ASP.NET 2.0 Security Inspection Questions - Impersonation

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- J.D. Meier, Alex Mackman, Blaine Wastell, Prashant Bansode, Jason Taylor, Rudolph Araujo


Impersonation Vulnerabilities and Implications

Vulnerability

Implications

Revealing service account credentials to the client

An attacker could use these credentials to attack the server.

Code executes with higher privileges than expected

An attacker can do more damage when code runs with higher privileges.


The following questions can help you to identify vulnerable areas:

  • Does the application use hard-coded impersonation credentials?
  • Does the application clean up properly when it uses impersonation?


Does the application use hard-coded impersonation credentials?

If the code impersonates a service account, it should not pass hard-coded credentials to LogonUser. If the code needs multiple identities to access a range of downstream resources and services, it should use Microsoft Windows Serverâ„¢ 2003 protocol transition and the WindowsIdentity constructor. This allows the code to create a Windows token that is given only an account's user principal name (UPN). To access a network resource, the code needs delegation. To use delegation, your server needs to be configured as trusted for delegation in Active Directory.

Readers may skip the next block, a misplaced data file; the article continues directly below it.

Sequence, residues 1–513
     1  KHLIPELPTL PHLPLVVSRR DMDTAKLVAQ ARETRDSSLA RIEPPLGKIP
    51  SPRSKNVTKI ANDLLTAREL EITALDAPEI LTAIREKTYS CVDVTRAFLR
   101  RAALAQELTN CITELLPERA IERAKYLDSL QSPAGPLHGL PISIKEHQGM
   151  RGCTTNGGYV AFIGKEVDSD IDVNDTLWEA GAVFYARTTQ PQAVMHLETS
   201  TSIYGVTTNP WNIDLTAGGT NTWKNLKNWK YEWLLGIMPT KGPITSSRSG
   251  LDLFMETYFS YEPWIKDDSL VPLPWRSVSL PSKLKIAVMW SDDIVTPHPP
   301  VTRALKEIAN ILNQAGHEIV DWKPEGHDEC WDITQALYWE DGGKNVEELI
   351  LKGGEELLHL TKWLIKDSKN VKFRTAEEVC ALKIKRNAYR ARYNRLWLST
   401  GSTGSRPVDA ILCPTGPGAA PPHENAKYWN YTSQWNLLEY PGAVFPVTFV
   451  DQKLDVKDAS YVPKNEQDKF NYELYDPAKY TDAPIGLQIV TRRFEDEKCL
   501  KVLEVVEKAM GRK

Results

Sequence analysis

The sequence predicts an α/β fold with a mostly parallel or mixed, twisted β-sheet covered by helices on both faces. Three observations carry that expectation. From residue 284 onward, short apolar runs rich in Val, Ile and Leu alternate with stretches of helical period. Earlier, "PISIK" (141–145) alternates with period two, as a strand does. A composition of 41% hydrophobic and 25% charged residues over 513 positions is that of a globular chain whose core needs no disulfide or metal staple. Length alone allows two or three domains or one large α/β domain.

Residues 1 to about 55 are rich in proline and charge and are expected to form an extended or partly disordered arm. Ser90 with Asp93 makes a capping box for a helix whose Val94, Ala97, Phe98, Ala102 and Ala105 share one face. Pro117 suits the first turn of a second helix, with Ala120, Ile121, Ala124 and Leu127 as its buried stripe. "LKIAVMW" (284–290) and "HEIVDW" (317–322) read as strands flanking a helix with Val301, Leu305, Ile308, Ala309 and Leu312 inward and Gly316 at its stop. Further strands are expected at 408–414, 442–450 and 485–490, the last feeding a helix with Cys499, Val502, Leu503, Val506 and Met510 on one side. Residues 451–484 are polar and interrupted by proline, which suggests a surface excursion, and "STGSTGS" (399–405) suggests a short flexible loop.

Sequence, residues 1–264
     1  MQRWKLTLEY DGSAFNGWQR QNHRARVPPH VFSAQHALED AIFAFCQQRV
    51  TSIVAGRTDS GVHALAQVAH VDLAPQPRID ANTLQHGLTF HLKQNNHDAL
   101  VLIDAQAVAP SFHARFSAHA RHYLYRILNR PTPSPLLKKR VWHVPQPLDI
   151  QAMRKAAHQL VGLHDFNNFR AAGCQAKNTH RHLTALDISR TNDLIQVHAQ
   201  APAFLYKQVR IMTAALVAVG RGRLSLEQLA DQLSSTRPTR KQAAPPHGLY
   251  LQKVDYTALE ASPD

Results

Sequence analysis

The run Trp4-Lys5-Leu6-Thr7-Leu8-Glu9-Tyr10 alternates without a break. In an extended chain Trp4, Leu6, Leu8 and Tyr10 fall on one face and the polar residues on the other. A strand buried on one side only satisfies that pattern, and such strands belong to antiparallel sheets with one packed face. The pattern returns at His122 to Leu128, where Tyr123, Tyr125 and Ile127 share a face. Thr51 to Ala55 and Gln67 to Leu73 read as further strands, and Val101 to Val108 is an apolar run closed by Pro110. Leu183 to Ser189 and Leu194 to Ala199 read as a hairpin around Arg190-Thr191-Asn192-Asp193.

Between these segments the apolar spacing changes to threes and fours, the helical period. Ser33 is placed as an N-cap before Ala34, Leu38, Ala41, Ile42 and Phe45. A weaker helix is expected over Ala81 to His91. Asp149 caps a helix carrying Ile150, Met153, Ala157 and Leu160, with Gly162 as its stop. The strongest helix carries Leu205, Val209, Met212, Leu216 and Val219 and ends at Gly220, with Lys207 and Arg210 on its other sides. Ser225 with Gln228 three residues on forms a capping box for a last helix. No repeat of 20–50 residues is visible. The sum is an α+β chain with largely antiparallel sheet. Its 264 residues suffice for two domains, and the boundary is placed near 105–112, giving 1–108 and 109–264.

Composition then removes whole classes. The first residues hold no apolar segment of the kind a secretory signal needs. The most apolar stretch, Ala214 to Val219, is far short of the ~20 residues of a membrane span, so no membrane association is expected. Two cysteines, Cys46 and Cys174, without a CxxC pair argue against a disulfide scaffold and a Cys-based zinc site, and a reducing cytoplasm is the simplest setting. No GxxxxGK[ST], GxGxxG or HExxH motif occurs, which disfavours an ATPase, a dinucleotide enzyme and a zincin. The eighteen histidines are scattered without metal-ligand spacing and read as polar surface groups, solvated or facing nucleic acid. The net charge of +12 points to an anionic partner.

The following code shows how to construct a Windows token using the WindowsIdentity constructor.

using System;
using System.Security.Principal;
public void ConstructToken(string upn, out WindowsPrincipal p)
{
 WindowsIdentity id = new WindowsIdentity(upn);
 p = new WindowsPrincipal(id);
}


Does the application clean up properly when it uses impersonation?

If the code uses programmatic impersonation, be sure that it uses structured exception handling and that the impersonation code is inside try blocks. Be sure that catch blocks are used to handle exceptions and that finally blocks are used to ensure that the impersonation is reverted. By using a finally block, the code ensures that the impersonation token is removed from the current thread, whether an exception is generated or not.

The application should not contain code similar to the following example:

try
{  
 ElevatePrivilege();
 // if ReadSecretFile throws an exception privileges will not be lowered
 ReadSecretFile();
 LowerPrivilege();
}
catch(FileException fe)
{
 ReportException();
}
  

Instead, it should contain code similar to the following:

try
{  
 ElevatePrivilege();
 // If ReadSecretFile throws an exception privileges will not be lowered
 ReadSecretFile();
}
catch(FileException fe)
{
 ReportException();
}
finally
{
 LowerPrivilege();
}
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